1. I used to have a friend that absolutely loved spoilers. He would read everything he could about a movie before seeing it. For some reason he enjoyed movies more if he knew what was going to happen. I never did understand this. As you say in your post, movies are editing and certain way for a reason. Things are meant to be revealed in a certain order. If things are not revealed in that order then, while the entire movie may not be ruined, some of the impact may be taken away.

    I have not seen Catfish but I have seen Inception and I think it is a great film. I would think it was a great film no matter what. I certainly wouldn’t want to have known the ending before seeing it though. I did go see the film twice and enjoyed picking up on things I didn’t notice on my first viewing.

    Amusingly enough, I actually posted an article on my blog yesterday about how I enjoyed The Prestige more on my second viewing. That doesn’t mean that I would have enjoyed it the first time around if someone had spoiled it for me. I probably would have liked it less the first time around if someone spoiled it for me, or worse yet, I might not have bothered to see it at all.

    So, while spoilers may not completely ruin a film for someone, it definitely takes away some of what the director intended with the film.

    Great article, by the way. Been following your blog for a couple weeks now, and I am really enjoying it.

    • The second viewing of The Prestige really reveals how great of a film it is. I felt the same way about Shutter Island, which also had a very different feel the second viewing.

      • I really enjoyed Shutter Island the first time around but I would really like to see it again. I wasn’t expecting a really big twist in Shutter Island (even though that is how it was advertised) so I was really able to just focus on how well put together the film was.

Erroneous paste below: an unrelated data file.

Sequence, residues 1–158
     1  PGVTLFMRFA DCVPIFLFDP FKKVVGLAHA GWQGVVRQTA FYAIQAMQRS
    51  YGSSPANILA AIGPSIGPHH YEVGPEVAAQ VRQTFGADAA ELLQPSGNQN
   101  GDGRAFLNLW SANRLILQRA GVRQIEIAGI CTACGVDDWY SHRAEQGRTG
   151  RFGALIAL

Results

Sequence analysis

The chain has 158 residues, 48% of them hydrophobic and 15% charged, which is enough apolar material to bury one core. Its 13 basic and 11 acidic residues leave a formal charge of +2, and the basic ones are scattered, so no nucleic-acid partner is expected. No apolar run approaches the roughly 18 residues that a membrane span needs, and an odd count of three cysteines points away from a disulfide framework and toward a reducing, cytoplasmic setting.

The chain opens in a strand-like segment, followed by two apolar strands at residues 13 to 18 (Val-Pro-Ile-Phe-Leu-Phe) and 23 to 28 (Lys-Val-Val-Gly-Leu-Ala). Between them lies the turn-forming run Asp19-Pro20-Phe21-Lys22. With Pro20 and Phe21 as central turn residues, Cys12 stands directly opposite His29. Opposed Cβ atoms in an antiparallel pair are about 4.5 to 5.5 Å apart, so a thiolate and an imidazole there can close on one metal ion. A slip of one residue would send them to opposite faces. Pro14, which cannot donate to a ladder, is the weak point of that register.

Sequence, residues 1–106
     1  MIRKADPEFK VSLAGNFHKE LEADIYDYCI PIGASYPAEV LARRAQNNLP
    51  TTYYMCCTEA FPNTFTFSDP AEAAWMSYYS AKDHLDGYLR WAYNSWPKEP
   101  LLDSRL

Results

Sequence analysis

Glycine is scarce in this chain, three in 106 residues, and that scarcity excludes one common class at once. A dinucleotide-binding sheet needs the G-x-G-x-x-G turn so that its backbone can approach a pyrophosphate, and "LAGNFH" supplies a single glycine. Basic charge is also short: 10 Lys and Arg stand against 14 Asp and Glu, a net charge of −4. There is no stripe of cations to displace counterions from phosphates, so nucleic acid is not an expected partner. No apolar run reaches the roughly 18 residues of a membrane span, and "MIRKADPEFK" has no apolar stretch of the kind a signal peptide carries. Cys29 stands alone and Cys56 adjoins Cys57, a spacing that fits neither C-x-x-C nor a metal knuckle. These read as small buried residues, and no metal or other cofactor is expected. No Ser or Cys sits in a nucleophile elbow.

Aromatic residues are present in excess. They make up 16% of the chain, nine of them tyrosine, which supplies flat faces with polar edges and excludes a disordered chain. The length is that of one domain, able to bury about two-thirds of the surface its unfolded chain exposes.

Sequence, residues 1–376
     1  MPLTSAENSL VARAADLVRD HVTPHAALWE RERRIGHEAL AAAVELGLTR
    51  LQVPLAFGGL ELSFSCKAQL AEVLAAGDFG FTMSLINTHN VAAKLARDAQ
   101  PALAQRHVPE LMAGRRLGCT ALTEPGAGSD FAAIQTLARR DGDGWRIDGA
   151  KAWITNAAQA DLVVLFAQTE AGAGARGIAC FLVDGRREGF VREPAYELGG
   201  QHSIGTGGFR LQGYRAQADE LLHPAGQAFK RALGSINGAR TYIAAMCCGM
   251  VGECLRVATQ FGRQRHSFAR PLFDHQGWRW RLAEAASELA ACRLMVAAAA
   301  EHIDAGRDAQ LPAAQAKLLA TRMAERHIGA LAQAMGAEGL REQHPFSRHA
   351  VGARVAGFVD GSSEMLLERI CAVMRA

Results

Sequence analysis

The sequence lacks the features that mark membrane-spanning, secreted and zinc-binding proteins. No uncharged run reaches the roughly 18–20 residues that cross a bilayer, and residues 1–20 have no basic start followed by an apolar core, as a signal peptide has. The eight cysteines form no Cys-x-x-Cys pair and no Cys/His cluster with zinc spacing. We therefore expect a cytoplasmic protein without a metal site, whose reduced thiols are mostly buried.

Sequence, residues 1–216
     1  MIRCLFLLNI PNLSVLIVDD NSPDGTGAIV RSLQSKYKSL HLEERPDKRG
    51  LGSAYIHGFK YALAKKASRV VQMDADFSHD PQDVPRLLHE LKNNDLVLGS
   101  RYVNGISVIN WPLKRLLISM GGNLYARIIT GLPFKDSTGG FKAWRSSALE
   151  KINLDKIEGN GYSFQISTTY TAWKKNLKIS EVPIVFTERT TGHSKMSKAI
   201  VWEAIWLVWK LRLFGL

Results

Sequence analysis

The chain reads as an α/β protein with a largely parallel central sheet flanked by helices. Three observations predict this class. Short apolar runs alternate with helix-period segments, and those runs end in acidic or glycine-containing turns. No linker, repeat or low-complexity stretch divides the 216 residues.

2. Wayne Marshall says:

    Yes, The Prestige is one of those I watched twice and then showed all my friends…each time picking up on little things here and there.
    I deplore the tired argument of “It’s been out this long, you should have seen it if you didn’t want it spoiled.”
    You know what? I watch things on my own time, not yours. Granted, their is a time-frame in which talking about a twist is acceptable. If someone hasn’t seen the Sixth Sense at this point, then they probably aren’t planning to do so. At least give it a few years before you start assuming everyone who wants to see it, has seen it.
    Urgh, it’s frustrating.

  3. RunningSiren says:

    For me a “spoiler” is following a film production so much by reading blogs, watching every video clip and photograph, that by the time the film is released I know too much about the film – did that with “300” and while I loved thed film, it wasn’t the same as seeing it the first time with just knowing the basics. Reading a few reviews even if they have spoilers doesn’t seem to have the same staying power in my memory. “Inception” was fantastic, but the second viewing was even better because I knew the story and could concentrate on the fast-paced scenes and the detail in scenes that were important – and I’m looking forward to watching the DVD soon.
    And thinking of “Memento” years ago, even knowing a spoiler would not have mattered the slightest – “Memento” needed a second viewing to fully comprehend how great it is.
    In the end, it’s up to the viewer to read/watch as much as they feel is necessary or avoid any news at all to add to their enjoyment of sitting in the movie darkened movie theatre for the screening.